It is sometimes very difficult to identify an alcohol problem. It is a legal substance and for many is an enjoyable social or leisure activity. Often the people who begin to encounter problems with alcohol drank safely for years. When people begin to encounter alcohol problems they often relate it to stress or emotional problems in their lives. Many will begin a mission to regulate and control their intake and when they do over indulge will spend time making up for time lost either during drinking sprees or times when they have been under-productive due to feeling ill or hung-over.
So what does an alcoholic look like?
Usually the same as me or you, but they may be over achievers and highly productive at work which is why many bosses cover up for them during difficult times. They may be a good dad, mum, brother, best friend or employee when they are not drinking. They perhaps don’t drink every day and may go days without drinking. The point is, at some point they will have lost the ability to guarantee how much they will drink when they do start.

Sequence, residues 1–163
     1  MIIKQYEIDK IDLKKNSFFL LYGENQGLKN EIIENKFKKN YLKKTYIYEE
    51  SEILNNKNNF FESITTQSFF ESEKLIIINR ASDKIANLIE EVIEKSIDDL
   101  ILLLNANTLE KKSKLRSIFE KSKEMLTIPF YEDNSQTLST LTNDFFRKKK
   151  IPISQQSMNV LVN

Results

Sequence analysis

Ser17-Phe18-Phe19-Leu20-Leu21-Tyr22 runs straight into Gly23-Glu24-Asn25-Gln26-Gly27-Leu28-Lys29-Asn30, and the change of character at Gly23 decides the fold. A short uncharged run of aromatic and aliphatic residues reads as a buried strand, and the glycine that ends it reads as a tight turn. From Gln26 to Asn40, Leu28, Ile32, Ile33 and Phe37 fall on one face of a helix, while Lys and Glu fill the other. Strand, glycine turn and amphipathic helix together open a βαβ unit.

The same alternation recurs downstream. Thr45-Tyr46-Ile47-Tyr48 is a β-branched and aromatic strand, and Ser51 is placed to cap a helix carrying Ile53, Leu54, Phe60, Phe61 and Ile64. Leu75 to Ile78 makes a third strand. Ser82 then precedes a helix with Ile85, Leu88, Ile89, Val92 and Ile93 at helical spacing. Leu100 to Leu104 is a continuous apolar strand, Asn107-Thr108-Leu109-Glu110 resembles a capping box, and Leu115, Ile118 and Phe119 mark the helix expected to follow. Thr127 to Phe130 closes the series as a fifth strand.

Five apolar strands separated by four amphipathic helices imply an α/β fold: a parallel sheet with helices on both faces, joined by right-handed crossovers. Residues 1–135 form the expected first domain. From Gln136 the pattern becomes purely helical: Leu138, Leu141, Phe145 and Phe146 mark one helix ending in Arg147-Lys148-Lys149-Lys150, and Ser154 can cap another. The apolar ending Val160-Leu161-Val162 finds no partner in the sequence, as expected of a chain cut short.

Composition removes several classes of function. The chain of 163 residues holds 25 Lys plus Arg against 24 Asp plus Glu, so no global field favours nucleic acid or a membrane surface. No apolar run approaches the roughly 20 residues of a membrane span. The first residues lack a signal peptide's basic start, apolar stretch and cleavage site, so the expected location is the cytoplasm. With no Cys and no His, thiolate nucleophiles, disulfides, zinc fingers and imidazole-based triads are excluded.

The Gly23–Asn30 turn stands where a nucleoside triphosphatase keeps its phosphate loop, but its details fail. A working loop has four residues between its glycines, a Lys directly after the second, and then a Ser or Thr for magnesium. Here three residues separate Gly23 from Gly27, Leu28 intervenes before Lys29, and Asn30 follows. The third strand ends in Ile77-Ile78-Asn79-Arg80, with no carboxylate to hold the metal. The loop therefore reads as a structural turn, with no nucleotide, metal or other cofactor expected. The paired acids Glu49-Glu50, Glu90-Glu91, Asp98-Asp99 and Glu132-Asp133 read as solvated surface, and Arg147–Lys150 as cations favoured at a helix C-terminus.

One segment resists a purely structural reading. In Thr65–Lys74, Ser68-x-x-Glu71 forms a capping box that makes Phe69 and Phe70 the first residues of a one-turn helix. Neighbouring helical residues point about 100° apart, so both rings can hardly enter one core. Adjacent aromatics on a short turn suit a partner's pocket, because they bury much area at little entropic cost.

The common myth is that an alcoholic cannot control his/her drinking. This can be dangerous thinking for an alcoholic because he/she will always be able to recall numerous times when they drank an acceptable amount and their behaviour was in no way other than normal. The trouble is; they cannot guarantee that once they start to drink.
Alcoholism inevitably leads to health problems, family problems, problems at work, injuries, violence, morality, and physical or psychological dependence, to name a few.
Drug dependency, including prescriptions drugs can induce symptoms which resemble mental illness. This can occur both during the intoxicated state and also during the withdrawal stage. In some cases the substance induced psychiatric disorders can persist for a long time and include prolonged psychosis and, or depression after amphetamine or cocaine abuse.
Some of the signs to look out for in drug abuse are tiredness, excessive hunger, lack of motivation, euphoria followed by depression, paranoia, confusion or irritability. Also abuse of depressants can cause lowered inhibitions, poor coordination, slowed heart rate or low blood pressure.